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New York State's New Hand Sanitizer Is Made By Prisoners Paid An Average 65 Cents An Hour

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At a press conference in Albany on Monday, Governor Andrew Cuomo holds up a bottle of NYS Clean, a hand sanitizer produced by the state company Corcraft, which uses prison labor. Screenshot

At a press conference to update the public on the COVID-19 epidemic this morning, Governor Andrew Cuomo said he had some "good news": New York State was producing its own line of powerful hand sanitizer to counter the price-gouging that some retailers are engaging in.

"We are introducing New York State Clean hand sanitizer, made conveniently by the state of New York. This is a superior product to products now on the market," Cuomo said, explaining that NYS Clean is 75 percent alcohol—well above Purell's 70 percent, and the 65 percent recommended by the CDC and WHO.

"Corcraft, actually, is making it for the state. Corcraft makes glass cleaner, floor cleaners, degreaser, laundry detergent, vehicle fluids, hand cleaner, and now they make hand sanitizer with alcohol. Our current capacity is 100,000 gallons per week, and we'll be ramping up," the governor said.

Corcraft is the brand name for the Division of Correctional Industries, a state-owned company operated by the state Department of Corrections and Community Supervision (DOCCS), which runs New York's prisons. Around 2,100 people incarcerated by New York state work for Corcraft. The governor's top assistant, Melissa DeRosa, confirmed that the hand sanitizer was being produced at Great Meadow Correctional Facility in Washington County. According to DOCCS, 98 incarcerated New Yorkers are working to make the hand sanitizer.

Prisoners earn as little as 16 cents/hour, and as much as $1.30/hour through productivity bonuses; in the 2015-2016 fiscal year, the average wage was 65 cents/hour. The state minimum wage ranges from $15/hour in New York City to $11.80/hour upstate.

New York's prison labor generates around $50 million in annual sales, mostly to local governments. All of Corcraft's revenues go to the state general fund.

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People incarcerated at the Great Meadow Correctional Facility in Comstock, NY, work to make Corcraft products. Great Meadow is where the hand sanitizer is being produced. Corcraft

The subject of the rock-bottom wages paid to prisoners came up this past summer, when the state Department of Motor Vehicles announced that they'd be rolling out new license plates, which are also made by Corcraft. Brooklyn State Senator Zellnor Myrie sponsored "the prison minimum wage act," which would raise the minimum wage for Corcraft workers to $3/hour. The bill failed to pass last year.

In an email, Senator Myrie told Gothamist that he and the Assembly sponsor, Nick Perry, are in the process of amending the legislation.

"We were unsuccessful last session but the Governor and several editorial boards have expressed support for increasing the wages, so I'm hoping that with a renewed focus on the work the incarcerated do—in this instance, combating a public health crisis—will give us the momentum we need."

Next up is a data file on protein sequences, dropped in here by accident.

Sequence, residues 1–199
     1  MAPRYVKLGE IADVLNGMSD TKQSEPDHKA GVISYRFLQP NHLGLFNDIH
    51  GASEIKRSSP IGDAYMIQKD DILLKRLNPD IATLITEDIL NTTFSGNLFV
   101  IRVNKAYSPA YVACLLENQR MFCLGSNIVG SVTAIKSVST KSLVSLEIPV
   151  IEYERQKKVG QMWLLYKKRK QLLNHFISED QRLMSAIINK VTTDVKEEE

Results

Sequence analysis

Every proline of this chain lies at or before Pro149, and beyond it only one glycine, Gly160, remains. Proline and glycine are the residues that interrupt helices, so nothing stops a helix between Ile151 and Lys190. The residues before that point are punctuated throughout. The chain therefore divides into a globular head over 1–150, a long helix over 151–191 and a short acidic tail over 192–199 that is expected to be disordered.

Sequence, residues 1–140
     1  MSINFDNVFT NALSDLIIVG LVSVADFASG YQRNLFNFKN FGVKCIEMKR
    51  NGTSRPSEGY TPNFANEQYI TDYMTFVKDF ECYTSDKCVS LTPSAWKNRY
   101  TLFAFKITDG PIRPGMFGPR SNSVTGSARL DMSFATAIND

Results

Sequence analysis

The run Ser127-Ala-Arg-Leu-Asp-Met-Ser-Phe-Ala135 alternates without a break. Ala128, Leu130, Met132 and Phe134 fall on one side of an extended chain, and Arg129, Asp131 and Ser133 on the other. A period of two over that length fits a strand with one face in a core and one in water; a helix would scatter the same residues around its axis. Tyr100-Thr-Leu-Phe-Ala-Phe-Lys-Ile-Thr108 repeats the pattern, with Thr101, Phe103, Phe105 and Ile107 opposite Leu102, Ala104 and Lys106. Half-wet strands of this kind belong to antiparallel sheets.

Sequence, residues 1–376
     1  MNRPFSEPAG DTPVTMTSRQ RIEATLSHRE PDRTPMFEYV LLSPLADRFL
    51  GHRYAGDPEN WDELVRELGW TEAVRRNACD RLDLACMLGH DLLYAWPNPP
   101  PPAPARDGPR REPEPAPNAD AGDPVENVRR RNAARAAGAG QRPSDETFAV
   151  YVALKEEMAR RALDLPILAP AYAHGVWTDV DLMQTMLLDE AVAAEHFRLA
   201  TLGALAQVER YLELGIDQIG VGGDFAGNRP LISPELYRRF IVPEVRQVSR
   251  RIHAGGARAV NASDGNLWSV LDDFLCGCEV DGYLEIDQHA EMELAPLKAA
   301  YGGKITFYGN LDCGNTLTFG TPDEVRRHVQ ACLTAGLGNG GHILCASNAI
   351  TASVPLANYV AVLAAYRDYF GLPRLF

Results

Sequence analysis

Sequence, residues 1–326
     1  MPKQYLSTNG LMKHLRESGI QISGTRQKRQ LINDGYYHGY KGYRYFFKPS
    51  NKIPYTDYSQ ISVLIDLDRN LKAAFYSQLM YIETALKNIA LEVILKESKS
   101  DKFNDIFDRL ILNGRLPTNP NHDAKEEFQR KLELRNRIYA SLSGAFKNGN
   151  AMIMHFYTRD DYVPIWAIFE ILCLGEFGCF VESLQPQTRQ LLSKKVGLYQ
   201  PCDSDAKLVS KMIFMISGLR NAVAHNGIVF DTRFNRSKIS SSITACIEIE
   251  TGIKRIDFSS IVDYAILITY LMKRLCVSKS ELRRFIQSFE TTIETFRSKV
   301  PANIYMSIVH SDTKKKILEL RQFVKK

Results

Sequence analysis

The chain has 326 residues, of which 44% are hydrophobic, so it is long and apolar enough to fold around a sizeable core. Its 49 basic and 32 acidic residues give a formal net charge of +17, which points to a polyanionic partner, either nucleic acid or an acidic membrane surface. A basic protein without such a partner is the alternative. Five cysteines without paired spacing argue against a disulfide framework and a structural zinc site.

Last year, Governor Cuomo said that he'd support raising the wages of Corcraft workers, but declined to offer any specifics. A spokesperson for Cuomo referred us to that statement.

The last time New York inmates received a raise, it was from Cuomo's father, Governor Mario Cuomo, in 1993.

Senator Myrie said that while he applauded Cuomo's quick action against price gouging, he was "deeply concerned" about Corcraft's role. "Hand sanitizer shouldn't cost $50 and workers correcting that injustice shouldn't be paid 50 cents an hour. We can change that right now if we desired.  Let's get it done," he said.

It's not entirely clear how DOCCS is preparing New York's prisons to handle the spread of COVID-19. Jails and prisons are notoriously dirty places, and washing one's hands can be difficult. On Friday, DOCCS sent out a press release noting that visitors to New York prisons will be screened and those who have visited affected countries may be denied entry. Around 50,000 people are held in New York state prisons, while another 27,000 and 11,000 are in local jails and federal prisons, respectively.

DOCCS said that each prison has an emergency control plan that is reviewed annually, and that the agency has supplies, equipment, and medical staff to dispatch to facilities that may be affected.

Governor Cuomo said that the NYS Clean hand sanitizer would be distributed free of cost to state agencies, including prisons. In a statement, the governor's office said that "distribution will be prioritized by the most impacted and high risk communities, including the New Rochelle community."

[UPDATE / 4:05 p.m.] According to a DOCCS handbook for visitors of New York's prisons issued in December of 2019, inmates are not allowed to receive the kind of hand sanitizer produced by Corcraft because it contains alcohol.

On page 49, under the heading, "TOILET ARTICLES/COSMETICS General Restrictions," the handbook states, "No item may be received which lists alcohol as an ingredient."

DOCCS and the Governor's Office have not immediately responded to our request for comment.

"This is nothing less than slave labor and it must end," two Legal Aid Society attorneys, Tina Luongo and Adriene Holder, said in a joint statement. "Albany must pay these individuals the minimum wage and lawmakers must legislate to eradicate forced labor across our state for good."

They added, "It would be even more shocking if prisons and jails were to deem this Corcraft product ‘contraband’ and deprive incarcerated New Yorkers from possessing effective hand sanitizer because of the alcohol content. The same individuals who produce this product should not be prohibited from using it.”

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